This budget, however, is around P300 billion short of the UN recommended education budget equivalent to 6% of the GDP.
The budget increase for this year will also not be enough to address the shortages in facilities and stop the deteriorating condition of our schools. The government aims to acquire only 18,000 new classrooms out of the 152,000 needed, 10,000 new teachers out of 103,599 shortage, and only 32 million new textbooks out of 95 million shortage.
It should be considered that the increase in the budget is intended to fund the widely opposed plan to add two more years to basic education. According to initial pronouncements, gov’t plans to add P100 billion in 5 years, P20 billion every year. This means that whatever shortages the additional budget will cover will be offset once the government starts adding years to education.
On the other hand, the budget for debt servicing gets a boost. According to Ibon, the government proposal contained the largest absolute increase in interest payments in the country’s history, adding P80.9 billion to the budget in interest payments making it P357.1 billion. Including principal amortization (which is not included formally in the budget), total debt payments amount to P823.7 billion.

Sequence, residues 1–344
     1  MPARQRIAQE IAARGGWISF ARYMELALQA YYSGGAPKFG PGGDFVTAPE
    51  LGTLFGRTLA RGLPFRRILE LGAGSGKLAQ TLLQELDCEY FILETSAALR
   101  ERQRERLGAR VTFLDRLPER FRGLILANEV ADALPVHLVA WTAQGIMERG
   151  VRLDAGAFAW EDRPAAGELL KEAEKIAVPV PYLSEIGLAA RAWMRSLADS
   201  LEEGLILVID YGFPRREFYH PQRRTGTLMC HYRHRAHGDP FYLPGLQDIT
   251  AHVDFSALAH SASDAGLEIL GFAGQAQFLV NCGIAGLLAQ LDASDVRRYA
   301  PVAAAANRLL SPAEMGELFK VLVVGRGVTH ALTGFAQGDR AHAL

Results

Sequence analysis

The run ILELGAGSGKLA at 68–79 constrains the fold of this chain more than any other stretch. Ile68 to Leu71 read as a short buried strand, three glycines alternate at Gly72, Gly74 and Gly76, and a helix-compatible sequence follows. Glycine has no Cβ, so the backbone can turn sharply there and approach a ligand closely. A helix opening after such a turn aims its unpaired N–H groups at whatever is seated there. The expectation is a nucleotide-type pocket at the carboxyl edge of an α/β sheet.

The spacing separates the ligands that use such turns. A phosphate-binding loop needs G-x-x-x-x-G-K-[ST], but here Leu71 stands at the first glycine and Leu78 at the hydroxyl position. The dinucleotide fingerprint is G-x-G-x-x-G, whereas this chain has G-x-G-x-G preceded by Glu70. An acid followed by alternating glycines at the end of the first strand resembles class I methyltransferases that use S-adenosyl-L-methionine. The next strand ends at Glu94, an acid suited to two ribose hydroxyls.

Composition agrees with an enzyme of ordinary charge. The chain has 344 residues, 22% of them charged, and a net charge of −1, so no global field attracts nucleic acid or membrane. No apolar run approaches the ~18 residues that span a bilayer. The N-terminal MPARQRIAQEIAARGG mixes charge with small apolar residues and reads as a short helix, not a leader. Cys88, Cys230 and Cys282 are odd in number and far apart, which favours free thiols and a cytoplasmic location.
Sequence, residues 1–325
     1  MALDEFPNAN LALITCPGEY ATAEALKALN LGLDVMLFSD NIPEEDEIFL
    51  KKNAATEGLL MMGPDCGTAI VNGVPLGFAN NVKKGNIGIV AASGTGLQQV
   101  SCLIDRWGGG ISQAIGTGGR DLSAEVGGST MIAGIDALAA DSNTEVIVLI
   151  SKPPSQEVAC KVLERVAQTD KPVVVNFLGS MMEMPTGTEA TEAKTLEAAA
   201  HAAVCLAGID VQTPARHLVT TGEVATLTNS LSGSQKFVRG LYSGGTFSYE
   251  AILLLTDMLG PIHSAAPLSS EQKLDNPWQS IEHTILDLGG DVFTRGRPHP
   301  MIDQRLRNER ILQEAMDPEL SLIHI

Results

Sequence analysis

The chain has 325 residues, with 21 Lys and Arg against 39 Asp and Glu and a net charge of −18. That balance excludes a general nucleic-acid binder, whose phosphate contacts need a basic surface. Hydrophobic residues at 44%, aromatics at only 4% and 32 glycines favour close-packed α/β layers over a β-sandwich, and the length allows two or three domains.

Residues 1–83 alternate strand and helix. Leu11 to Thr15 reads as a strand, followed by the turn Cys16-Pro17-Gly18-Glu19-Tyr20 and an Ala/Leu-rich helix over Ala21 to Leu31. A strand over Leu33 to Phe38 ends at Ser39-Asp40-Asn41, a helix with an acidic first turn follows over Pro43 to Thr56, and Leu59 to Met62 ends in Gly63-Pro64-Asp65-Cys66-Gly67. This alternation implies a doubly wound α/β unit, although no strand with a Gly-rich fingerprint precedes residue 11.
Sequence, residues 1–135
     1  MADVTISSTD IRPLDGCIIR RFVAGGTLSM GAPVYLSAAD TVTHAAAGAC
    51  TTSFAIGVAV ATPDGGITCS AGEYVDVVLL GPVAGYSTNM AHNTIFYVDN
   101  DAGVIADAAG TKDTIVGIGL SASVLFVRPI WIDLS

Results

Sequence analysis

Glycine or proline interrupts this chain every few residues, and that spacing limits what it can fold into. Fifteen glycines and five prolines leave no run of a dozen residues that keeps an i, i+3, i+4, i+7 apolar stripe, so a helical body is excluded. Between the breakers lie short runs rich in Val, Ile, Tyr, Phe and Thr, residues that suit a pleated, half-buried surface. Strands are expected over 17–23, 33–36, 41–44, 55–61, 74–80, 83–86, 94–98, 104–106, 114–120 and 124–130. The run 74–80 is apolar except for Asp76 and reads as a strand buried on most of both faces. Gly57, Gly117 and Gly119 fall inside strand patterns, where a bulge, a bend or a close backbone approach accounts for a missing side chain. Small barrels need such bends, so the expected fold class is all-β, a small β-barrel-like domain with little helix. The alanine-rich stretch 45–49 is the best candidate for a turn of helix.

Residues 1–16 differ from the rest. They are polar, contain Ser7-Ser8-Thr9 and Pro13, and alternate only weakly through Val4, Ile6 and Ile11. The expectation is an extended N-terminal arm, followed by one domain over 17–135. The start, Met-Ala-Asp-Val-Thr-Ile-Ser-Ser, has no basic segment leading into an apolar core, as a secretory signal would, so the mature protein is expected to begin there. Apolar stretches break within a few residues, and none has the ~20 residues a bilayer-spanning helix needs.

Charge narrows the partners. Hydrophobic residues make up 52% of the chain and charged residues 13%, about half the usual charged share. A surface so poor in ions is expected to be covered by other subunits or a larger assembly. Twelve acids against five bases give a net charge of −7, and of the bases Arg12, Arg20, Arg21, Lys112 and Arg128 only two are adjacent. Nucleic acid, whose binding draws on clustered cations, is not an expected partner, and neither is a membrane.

Ibon also notes the increase in war budget despite calls for austerity. The Department of National Defense (DND) also gets an increase from P96.2 billion to P104.7 billion. Budget for the Armed Forces of the Philippines (AFP), despite cases of human rights violations, will increase by P10 billion. The P6.6 billion increase in budget of the Philippine National Police (PNP) will also most likely be channeled to counter insurgency.
Despite the Aquino gov’t promise to curb corruption, Ibon also notes increases in patronage and corruption-prone funds such as the pork barrel, which increased from Php10.9 billion in 2010 to Php24.8 billion, dole-out funds which was alloted Php29.2-billion, and lump-sum funds for “Public-Private Partnership Support.”
The fight is on
The education budget cuts will surely anger the students, teachers, school administrators and parents. The Aquino government’s plan to further deny the people and youth of their right to education will be met by protests, mass actions and school walk-outs.
Hundreds of youth groups are now gearing-up for a nationwide walk-out this month. Protest activities and mass campaigns are being launched in schools nationwide. Student leaders are set to troop to Congress and Senate to pressure representatives to reject the proposed budget cuts.
A major battle between the youth and students and the Aquino administration is looming.
Arnold Padilla analyzes the 2011 budget, notes increasing the debt burden. Ibon’s statements on the 2011 Aquino budget exposes how it is an austerity to repay debt, how it is bloated by patronage and corruption-prone funds, and how it shows diminishing priority for social services. Read also Victor Villanueva’s initial take on the budget, and Kabataan Partylist Rep. Mong Palatino’s statement on the education budget cuts.